I’ve been using an iPhone for some time now and it’s become an indispensable part of my productivity toolbox. Here are ten free productivity apps for the iPhone.
Evernote – Number one on the, without any question is Evernote. EN on the iPhone lets you capture any moment or idea as it happens, wherever you may find yourself. Evernote takes notes in whatever format is best for you — text, photos, audio — and syncs automatically with your Mac, PC and Web. No matter where you are your notes are accessible. If you pay for the premium service ($45 per year) you can sync your files too.
Dragon Dictation — With Dragon Dictation 2.0, you can dictate status updates directly to your Social Networking applications (Facebook and Twitter), send text or email your friends, send notes and reminders to yourself … all using your voice. The new Dragon Dictation 2.0 also features multilingual capabilities, giving you the option to switch between a variety of languages.
iQue – iQue is the Forgetful Person’s FREE “Instant Recall Machine,” and it’s for forgetful people. Passwords, account numbers, personal info you wouldn’t want in a unprotected note? iQue uses associative memory, mimicking the way a normal brain remembers to help your brain work properly. It’s a way of tagging things you NEED to remember, so you can be more productive —even when you can’t remember what you were going to do next.
YouNote – Another simple note-taking application. You can take the note in a number of formats (Drawing, Audio, Text, Photo,…) You can add criteria (tags, a color, the geolocation,…) which simplifies the filing and finding of the notes. There is also a paid version of YouNote which adds a number of useful features.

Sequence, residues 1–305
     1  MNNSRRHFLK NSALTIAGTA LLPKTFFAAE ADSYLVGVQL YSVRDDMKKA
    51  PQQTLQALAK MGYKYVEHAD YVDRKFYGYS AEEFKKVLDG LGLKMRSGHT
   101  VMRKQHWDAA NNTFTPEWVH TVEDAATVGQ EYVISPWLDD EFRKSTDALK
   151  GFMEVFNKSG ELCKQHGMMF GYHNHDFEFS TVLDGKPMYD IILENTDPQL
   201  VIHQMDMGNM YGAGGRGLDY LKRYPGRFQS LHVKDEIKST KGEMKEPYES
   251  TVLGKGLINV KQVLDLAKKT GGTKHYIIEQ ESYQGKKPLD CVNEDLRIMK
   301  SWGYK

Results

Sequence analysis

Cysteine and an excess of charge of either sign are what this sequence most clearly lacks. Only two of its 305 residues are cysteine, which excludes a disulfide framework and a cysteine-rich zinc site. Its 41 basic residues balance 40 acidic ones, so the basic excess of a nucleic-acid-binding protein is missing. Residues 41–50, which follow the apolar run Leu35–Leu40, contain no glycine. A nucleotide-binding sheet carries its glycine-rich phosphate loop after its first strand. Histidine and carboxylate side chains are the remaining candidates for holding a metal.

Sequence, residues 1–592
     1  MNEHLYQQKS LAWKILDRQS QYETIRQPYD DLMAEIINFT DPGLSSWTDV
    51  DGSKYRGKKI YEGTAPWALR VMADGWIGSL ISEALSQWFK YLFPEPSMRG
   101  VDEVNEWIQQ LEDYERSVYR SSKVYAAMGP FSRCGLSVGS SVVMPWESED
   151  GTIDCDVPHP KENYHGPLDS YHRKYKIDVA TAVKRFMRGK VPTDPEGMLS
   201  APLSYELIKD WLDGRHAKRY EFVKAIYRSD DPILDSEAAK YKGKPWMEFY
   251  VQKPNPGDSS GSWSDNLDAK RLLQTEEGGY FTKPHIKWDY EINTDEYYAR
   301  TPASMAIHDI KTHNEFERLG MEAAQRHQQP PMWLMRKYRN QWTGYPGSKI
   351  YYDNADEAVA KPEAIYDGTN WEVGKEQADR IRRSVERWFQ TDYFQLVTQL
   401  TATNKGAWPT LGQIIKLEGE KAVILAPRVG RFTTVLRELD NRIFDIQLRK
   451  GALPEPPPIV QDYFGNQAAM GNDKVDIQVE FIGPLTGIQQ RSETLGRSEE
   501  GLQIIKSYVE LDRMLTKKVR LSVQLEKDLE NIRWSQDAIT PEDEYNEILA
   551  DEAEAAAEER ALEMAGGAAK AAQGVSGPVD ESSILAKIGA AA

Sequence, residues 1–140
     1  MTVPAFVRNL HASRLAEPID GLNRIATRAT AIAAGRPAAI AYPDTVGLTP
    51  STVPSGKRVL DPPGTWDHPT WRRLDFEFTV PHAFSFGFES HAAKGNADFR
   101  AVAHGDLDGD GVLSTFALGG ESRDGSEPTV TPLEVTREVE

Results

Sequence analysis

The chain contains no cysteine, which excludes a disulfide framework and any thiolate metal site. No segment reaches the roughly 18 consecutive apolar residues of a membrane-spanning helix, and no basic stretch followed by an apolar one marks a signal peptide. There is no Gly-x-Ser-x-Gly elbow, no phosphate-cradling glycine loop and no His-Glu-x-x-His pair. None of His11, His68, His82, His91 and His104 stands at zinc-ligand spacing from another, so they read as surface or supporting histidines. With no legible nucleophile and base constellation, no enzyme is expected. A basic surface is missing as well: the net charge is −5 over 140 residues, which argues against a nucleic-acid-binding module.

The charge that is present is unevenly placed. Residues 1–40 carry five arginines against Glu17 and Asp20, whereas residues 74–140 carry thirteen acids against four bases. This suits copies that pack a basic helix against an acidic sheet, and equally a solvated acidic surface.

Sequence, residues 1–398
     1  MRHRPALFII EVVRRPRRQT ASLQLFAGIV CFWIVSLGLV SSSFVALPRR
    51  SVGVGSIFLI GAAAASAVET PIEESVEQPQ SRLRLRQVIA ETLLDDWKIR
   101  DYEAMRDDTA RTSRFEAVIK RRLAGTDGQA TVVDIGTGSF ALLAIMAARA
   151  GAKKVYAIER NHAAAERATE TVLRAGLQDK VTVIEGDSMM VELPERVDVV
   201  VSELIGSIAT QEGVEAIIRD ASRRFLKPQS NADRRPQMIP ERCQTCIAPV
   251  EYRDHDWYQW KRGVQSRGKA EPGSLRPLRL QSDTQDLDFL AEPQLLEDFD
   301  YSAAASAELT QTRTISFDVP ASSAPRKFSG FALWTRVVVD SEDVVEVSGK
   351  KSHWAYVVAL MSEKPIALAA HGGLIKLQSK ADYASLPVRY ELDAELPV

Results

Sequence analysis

VoiceNotes -is a voice recording application for iPhone that allows you to make short recordings and play them back later. VoiceNotes is perfect for making quick reminders of things that are inconvenient to write down in text.
BugMe! Lite – Make quick handwritten ink notes and reminders on the fly… set quick alarms, save notes to your Home Screen and share your “sticky” notes by email or Twitter…
Money & Bills – is the iPhone client for Pageonce. Pageonce merges information from various sources into one page. It lets you access personal information—for example, the status of your utility bills, recent online purchases, and credit-card transactions. PageOnce uses bank-level security to keep accounts from being hacked.
LockBox – lets you store and protect sensitive data such as credit card numbers, bank accounts, passwords, private notes, etc. The data is encrypted and protected by a secret code.
Dragon Dictation – Dragon Dictation for the iPhone is an easy-to-use voice recognition application that allows you to quickly speak and instantly see your text or email messages. When you are on-the-go, turn talk into type —from short text messages to longer email messages, and anything in between.
Instapaper – Instapaper lets you create offline versions of your favorite Web articles you can read when you’re not connect to a signal of some type. To save a list of pages to read, you need to visit Instapaper.com beforehand using mobile Safari, choose your content, and then launch the Instapaper app to read it offline.
Yesterday, PhatWare Corporation announced the immediate availability of a Retina-optimized version of its PhatPad note-taking and collaboration app for iPad. The new version of PhatPad not only leverages the high-resolution screen of the new iPad, but also offers better handwriting recognition quality and support for four new languages, including Danish, Finnish, Norwegian, and Swedish. This version brings the total number of languages it supports to eleven.
More than just a note-taking app, PhatPad turns an iPad into an advanced brainstorming tool by enabling users to draw, write, and type on the iPad, then instantly share ideas via email, WiFi sync, Dropbox, Evernote, Google Docs, or in PhatPad’s presentation mode.